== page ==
for more information.
Flags:
-f force repack even if the file is already packed as requested
-help
print more information about the command
-pack string
packing to use when rewriting (default "ee")
-r recur into subdirectories
-v verbose: log progress
Sub-command rm
Usage: upspin rm path...
Rm removes Upspin files and directories from the name space.
The -glob flag can be set to false to have rm skip Glob processing,
treating its arguments as literal text even if they contain special
characters. (Leading @ signs are always expanded.)
Rm does not delete the associated storage, which is rarely necessary
or wise: storage can be shared between items and unused storage is
better recovered by automatic means.
Rm does not delete the targets of links, only the links themselves.
See the deletestorage command for more information about deleting
storage.
Flags:
-R recur into subdirectories
-f continue if errors occur
-glob
apply glob processing to the arguments (default true)
-help
print more information about the command
Sub-command rotate
Usage: upspin rotate
Rotate pushes an updated key to the key server.
To update an Upspin key, the sequence is:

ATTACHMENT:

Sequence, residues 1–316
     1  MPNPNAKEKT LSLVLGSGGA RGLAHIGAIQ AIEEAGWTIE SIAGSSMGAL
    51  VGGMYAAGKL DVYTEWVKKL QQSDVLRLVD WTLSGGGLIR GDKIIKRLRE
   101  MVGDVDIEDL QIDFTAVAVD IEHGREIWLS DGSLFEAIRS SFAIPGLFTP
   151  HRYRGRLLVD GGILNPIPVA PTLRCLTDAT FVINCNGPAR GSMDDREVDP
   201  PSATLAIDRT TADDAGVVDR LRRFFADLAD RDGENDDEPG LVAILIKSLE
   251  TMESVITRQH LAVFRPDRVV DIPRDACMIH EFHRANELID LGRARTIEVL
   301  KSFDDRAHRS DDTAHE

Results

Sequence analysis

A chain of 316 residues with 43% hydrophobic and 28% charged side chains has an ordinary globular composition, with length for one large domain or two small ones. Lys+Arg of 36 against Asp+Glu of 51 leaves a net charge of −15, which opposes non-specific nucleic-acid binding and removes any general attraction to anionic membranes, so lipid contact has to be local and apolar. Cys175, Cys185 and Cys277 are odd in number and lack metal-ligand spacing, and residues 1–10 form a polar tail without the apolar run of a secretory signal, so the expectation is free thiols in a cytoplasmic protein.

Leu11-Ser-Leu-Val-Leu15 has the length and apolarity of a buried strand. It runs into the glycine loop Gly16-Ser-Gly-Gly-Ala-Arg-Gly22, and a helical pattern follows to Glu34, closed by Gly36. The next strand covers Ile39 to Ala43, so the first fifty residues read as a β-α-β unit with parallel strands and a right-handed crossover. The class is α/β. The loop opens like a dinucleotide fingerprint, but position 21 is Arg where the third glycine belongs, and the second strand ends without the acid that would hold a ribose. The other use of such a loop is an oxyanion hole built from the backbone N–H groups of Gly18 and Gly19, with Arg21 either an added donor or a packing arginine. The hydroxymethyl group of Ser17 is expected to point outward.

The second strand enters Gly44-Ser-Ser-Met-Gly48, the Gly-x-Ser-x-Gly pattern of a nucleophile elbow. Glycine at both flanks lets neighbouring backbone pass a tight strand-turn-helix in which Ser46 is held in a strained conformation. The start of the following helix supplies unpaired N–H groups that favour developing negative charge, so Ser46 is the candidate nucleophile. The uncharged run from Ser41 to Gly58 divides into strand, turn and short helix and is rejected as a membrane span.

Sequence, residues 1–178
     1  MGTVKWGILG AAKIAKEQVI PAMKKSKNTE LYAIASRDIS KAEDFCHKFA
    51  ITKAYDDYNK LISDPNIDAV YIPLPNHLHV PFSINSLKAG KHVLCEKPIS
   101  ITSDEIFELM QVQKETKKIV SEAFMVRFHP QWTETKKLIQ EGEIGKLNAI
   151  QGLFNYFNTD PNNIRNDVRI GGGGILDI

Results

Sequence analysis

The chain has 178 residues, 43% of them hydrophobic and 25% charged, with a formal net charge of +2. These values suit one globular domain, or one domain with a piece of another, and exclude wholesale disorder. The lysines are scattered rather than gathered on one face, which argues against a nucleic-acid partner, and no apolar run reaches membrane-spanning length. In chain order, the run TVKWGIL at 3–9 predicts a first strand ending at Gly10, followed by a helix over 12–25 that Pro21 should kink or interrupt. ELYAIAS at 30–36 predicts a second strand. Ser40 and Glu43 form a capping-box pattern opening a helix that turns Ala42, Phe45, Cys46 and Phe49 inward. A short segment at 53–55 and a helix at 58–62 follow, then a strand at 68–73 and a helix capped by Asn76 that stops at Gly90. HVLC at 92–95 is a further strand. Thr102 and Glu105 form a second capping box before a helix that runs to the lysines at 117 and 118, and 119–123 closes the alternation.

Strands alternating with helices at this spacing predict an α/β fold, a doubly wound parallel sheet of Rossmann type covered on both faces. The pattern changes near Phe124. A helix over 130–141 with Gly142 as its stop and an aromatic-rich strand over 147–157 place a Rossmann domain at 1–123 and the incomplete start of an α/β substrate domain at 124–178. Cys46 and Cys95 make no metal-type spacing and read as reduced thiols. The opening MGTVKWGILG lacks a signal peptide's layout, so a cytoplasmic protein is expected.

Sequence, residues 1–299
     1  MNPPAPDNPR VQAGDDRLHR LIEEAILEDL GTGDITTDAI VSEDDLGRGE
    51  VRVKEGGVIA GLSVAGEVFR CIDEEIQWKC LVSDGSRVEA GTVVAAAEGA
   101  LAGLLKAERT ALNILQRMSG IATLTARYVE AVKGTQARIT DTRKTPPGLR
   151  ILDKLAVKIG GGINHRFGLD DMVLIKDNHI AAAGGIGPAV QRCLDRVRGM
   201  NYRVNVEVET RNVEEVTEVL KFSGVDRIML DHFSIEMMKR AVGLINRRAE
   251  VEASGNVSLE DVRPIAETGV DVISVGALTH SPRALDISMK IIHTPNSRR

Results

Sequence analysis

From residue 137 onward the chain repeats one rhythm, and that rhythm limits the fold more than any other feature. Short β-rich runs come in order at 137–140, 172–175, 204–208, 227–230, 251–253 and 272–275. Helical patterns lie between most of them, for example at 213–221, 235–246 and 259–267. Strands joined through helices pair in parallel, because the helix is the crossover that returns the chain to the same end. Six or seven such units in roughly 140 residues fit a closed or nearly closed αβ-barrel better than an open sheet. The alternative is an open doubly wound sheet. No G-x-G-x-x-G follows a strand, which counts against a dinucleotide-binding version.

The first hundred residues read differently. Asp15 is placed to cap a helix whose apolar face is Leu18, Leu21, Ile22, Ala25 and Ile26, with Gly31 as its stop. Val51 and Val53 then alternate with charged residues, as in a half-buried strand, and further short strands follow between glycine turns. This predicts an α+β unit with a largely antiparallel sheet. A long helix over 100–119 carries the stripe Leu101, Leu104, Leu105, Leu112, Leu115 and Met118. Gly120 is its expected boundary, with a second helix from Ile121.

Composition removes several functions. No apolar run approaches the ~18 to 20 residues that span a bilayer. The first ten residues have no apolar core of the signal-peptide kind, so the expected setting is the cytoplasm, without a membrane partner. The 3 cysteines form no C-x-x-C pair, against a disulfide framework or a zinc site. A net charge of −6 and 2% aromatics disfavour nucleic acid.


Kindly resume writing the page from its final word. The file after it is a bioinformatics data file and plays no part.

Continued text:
upspin keygen -rotate <secrets-dir> # Create new key.
upspin countersign # Update file signatures to use new key.
upspin rotate # Save new key to key server.
upspin share -r -fix me@example.com/ # Update keys in file metadata.
Keygen creates a new key and saves the old one. Countersign walks
the file tree and adds signatures with the new key alongside those
for the old. Rotate pushes the new key to the KeyServer. Share walks
the file tree, re-wrapping the encryption keys that were encrypted
with the old key to use the new key.
Some of these steps could be folded together but the full sequence
makes it easier to recover if a step fails.
TODO: Rotate and countersign are terms of art, not clear to users.
Flags:
-help
print more information about the command
Sub-command setupdomain
Usage: upspin setupdomain [-where=$HOME/upspin/deploy] [-cluster] -domain=<name>
Setupdomain is the first step in setting up an upspinserver or Upspin
Kubernetes cluster. If setting up an upspinserver, the next steps are
'setupstorage' (optionally) and 'setupserver'.
It generates keys and config files for Upspin server users, placing them in
$where/$domain (the values of the -where and -domain flags substitute for
$where and $domain respectively) and generates a signature that proves that the